Viruses Zipped into clever disguises

American security firm iDEFENSE has discovered a loophole in most popular antivirus software that would let viruses in cleverly written ZIP files slip under their radar
Written by Munir Kotadia, Contributor on

Security researchers have discovered that most consumer antivirus programs contain a vulnerability that allows malware writers to construct a virus file in such a way that it is undetectable by many of the most common antivirus applications, according to US-based security Intelligence firm iDEFENSE.

According to iDEFENSE, the problem stems from the method used by antivirus software to scan compressed files and affects applications from McAfee, Computer Associates, Kaspersky, Sophos, Eset and RAV.

By manipulating the physical size of a compressed malicious file, without affecting the file's functionality, virus writers can send users an infected file that will not be detected by many antivirus programs.

"An attacker can compress a malicious payload and evade detection by some antivirus software by modifying the uncompressed size within the local and global headers… Successful exploitation allows remote attackers to pass malicious Payloads … without being detected," the advisory warns.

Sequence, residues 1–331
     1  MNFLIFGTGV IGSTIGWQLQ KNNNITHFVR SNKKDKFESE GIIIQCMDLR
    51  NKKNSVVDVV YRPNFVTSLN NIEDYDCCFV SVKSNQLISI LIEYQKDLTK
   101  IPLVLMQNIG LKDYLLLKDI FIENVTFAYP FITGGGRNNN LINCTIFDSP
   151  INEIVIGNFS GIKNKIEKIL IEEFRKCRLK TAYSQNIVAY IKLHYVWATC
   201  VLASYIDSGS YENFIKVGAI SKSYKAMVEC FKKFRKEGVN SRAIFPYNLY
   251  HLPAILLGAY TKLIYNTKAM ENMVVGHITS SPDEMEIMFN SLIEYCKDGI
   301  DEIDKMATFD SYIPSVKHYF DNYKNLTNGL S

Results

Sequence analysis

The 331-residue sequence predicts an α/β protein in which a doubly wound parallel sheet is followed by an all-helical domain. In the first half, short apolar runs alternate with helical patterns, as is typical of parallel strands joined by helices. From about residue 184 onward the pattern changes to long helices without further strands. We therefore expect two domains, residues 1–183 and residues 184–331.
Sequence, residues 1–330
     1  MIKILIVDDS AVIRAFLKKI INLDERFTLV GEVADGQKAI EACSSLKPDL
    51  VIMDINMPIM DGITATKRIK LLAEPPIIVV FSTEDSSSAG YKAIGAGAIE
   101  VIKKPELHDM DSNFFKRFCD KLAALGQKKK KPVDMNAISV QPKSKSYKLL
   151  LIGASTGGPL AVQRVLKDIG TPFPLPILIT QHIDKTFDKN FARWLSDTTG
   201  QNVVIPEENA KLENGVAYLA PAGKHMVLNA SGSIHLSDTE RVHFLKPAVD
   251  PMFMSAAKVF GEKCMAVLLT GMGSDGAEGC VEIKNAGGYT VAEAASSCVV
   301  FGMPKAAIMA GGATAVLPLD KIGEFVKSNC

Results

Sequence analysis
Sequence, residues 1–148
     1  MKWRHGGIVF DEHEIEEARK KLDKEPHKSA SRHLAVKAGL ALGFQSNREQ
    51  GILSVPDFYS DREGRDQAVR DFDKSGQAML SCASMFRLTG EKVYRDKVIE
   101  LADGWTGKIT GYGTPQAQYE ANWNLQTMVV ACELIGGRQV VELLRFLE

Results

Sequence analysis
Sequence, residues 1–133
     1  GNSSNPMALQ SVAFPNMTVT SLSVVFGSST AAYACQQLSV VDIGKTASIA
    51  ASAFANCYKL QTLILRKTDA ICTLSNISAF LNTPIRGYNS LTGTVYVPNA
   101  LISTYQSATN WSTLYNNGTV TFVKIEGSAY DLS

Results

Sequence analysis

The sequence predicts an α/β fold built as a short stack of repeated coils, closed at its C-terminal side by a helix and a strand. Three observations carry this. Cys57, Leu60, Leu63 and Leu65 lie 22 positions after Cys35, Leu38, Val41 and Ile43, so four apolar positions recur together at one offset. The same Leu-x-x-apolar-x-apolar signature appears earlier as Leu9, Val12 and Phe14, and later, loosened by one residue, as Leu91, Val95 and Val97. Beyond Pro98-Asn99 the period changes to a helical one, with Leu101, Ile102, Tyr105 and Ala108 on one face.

According to iDEFENSE the biggest problem is that users will be more likely to open an attachment if the antivirus software has scanned it and pronounced it safe.

"Users with up-to-date antivirus software are more likely to open attachments and files if they are under the false impression that the archive was already scanned and found to not contain a virus," the advisory said.

All companies mentioned except Sophos and RAV have confirmed their products are vulnerable and have either already published or are close to publishing an update to fix the problems.

iDEFENSE said the latest products from Symantec, Bitdefender, Trend Micro and Panda are not vulnerable.

However in a separate advisory by security Web site Secunia, a number of Symantec's products were found to be vulnerable to an alternative threat.

ZDNet Australia's Munir Kotadia reported from Sydney. For more coverage from ZDNet Australia, click here.

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